What does any of this have to do with social media? Mostly, that there are no short cuts to any place worth going. Social media sucks a lot of time out of your day. It may be entertaining, and it can be helpful to market your business or art. But it’s distracts you from achieving greater, personal success.
Authors Gary Keller and Jay Papasan wrote the book, “The One Thing: The Surprisingly Simple Truth Behind Extraordinary Results.” The book drives home the importance of priorities. Some of the points they touch on include:
Essentially, the authors suggest that in every aspect of your life, prioritize the one thing that is most important. For most of us, social media is probably not what’s most important.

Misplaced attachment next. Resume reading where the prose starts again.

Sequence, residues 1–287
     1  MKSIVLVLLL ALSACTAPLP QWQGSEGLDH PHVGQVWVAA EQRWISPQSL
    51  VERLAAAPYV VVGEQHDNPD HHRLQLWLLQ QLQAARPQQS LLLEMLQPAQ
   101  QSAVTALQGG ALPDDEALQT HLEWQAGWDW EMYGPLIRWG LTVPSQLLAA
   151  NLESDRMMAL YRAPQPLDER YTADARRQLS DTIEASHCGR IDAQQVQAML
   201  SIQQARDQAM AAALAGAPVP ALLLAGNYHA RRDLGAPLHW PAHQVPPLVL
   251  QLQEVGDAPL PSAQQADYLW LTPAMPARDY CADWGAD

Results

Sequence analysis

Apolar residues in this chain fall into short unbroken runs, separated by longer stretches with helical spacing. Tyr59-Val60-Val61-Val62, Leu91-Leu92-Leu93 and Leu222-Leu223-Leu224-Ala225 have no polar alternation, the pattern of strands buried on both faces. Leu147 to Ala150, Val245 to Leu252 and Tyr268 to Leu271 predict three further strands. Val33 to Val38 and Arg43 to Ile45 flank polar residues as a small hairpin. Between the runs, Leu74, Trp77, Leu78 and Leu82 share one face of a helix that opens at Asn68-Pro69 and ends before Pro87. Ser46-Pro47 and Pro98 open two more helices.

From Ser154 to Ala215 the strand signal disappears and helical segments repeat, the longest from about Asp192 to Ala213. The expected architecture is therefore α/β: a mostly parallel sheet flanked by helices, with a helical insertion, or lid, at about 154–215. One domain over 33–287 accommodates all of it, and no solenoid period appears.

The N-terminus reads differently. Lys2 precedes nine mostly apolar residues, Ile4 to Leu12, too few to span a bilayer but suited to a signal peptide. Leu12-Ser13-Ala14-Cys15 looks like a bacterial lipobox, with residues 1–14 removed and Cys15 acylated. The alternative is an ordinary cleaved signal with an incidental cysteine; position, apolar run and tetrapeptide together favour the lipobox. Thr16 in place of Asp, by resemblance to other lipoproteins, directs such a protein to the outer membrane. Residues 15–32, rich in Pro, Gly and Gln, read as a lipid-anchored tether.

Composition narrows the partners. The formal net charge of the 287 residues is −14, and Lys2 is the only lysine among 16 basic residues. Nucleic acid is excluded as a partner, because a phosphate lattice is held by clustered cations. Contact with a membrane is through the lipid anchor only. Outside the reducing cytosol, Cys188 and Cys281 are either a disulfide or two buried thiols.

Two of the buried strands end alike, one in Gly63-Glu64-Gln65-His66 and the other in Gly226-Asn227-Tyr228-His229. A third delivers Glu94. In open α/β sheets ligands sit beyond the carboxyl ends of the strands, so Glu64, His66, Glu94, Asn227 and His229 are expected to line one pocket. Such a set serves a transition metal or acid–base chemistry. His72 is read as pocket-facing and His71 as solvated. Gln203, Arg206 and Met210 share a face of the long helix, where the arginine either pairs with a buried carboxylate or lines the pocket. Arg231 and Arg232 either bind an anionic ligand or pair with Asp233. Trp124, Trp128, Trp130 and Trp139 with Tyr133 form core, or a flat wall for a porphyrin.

Apart from mindless entertainment, social media has become a seemingly invaluable tool to promote your business, entrepreneurial ambitions, and creative pursuits.
Everywhere you look these days, you’ll find online life coaches, aspiring writers and artists, as well as all manner of businesses leveraging social media to promote themselves. Yet, for many of them, the stuff they’re peddling is not that unique or valuable. It doesn’t stand out from all the other noise.
Technology has removed the gatekeepers of the past. Anyone can create an online platform for their art, music or business. They don’t have to convince agents, editors or investors anymore.
Unfortunately, there is no quality control. As a result, many aspiring writers, artists and entrepreneurs have their hearts broken. They spend a lot of money on fancy websites, logos, photos and newsletter services.